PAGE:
- A rising tide lifts all boats
- This idiom, coined by John F Kennedy, describes the idea that when an economy is performing well, all people will benefit from it.
- A rolling stone gathers no moss
- People say this to mean that an ambitious person is more successful than a person not trying to achieve anything. Originally it meant the opposite and was critical of people trying to get ahead.
- A shallow brook babbles the loudest
- People who are loud and talk a lot usually have nothing of substance to say. This contrasts with "Still waters run deep." Other versions are "Shallow brooks babble loudest" and "Shallow brooks are noisy."
- A slice off a cut loaf is never missed
- Used colloquially to describe having sexual intercourse with someone who is not a virgin, especially when they are in a relationship. The analogy refers to a loaf of bread; it is not readily apparent, once the end has been removed, exactly how many slices have been taken.('You never miss a slice from a cut
loaf' is also used.)
- A steal
- If something is a steal, it costs much less than it is really worth.
- A still tongue keeps a wise head
- Wise people don't talk much.
- A textbook case
- A textbook case, it is a classic or common example of something.
- A watched pot never boils
- Some things work out in their own time, so being impatient and constantly checking will just make things seem longer.
- If something is A1, it is the very best or finest.
- ABC means the basics of something- knowing the ABC of science, etc.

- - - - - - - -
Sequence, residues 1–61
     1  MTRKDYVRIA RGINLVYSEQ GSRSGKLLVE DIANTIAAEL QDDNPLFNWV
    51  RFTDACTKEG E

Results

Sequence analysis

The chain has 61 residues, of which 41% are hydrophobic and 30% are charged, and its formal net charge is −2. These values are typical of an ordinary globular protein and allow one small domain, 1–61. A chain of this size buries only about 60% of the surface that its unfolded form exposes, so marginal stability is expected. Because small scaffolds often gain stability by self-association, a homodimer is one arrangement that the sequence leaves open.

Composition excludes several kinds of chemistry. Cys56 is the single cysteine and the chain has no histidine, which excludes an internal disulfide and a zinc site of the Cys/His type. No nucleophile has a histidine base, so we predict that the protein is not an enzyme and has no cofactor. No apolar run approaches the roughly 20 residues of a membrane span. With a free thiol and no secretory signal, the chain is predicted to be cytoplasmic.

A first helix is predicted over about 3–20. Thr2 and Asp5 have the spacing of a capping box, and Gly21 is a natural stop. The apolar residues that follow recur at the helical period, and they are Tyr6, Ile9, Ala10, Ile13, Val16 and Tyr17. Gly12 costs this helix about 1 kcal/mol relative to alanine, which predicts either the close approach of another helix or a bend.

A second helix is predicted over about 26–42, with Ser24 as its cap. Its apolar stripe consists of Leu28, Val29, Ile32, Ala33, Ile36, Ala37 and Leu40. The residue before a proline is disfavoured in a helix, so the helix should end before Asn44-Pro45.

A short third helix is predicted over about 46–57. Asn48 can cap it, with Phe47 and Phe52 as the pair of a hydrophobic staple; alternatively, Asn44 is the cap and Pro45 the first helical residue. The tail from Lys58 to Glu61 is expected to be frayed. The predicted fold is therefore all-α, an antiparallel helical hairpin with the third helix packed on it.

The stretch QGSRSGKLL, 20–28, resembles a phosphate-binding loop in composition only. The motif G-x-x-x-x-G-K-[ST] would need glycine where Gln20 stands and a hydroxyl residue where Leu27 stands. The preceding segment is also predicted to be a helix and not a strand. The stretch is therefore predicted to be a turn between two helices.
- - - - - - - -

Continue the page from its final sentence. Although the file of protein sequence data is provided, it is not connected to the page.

- Meaning:basic terms or basic steps example:she don't know even ABC steps in dance.
- Abide by a decision
- If you abide by a decision, you accept it and comply with it, even though you might disagree with it.
- Abject lesson
- (India) An abject lesson serves as a warning to others.
(In some varieties of English 'object lesson' is used.)
- About as useful as a chocolate teapot
- Someone or something that is of no practical use is about as useful as a chocolate teapot.
- About face
- If someone changes their mind completely, this is an about face. It can be used when companies, governments, etc, change their position on an issue.
- Above and beyond
- This means more than what is expected or required.
- Above board
- If things are done above board, they are carried out in a legal and proper manner.
- Above par
- Better than average or normal
- Above the fold
- If a news story is important, it will be above the fold- in the top half of the page of a newspaper.
- Above the salt
- This means that something or someone has a high position.
- Absence makes the heart grow fonder
- This idiom means that when people are apart, their love grows stronger.
- Accident waiting to happen
- If something is an accident waiting to happen, there's definitely going to be an accident or it's bound to go wrong.
('Disaster waiting to happen' is also used.)
- Ace in the hole
- An ace in the hole is something other people are not aware of that can be used to your advantage when the time is right.
- Ace up your sleeve
- If you have an ace up your sleeve, you have something that will give you an advantage that other people don't know about.
- Achilles' heel
- A person's weak spot is their Achilles' heel.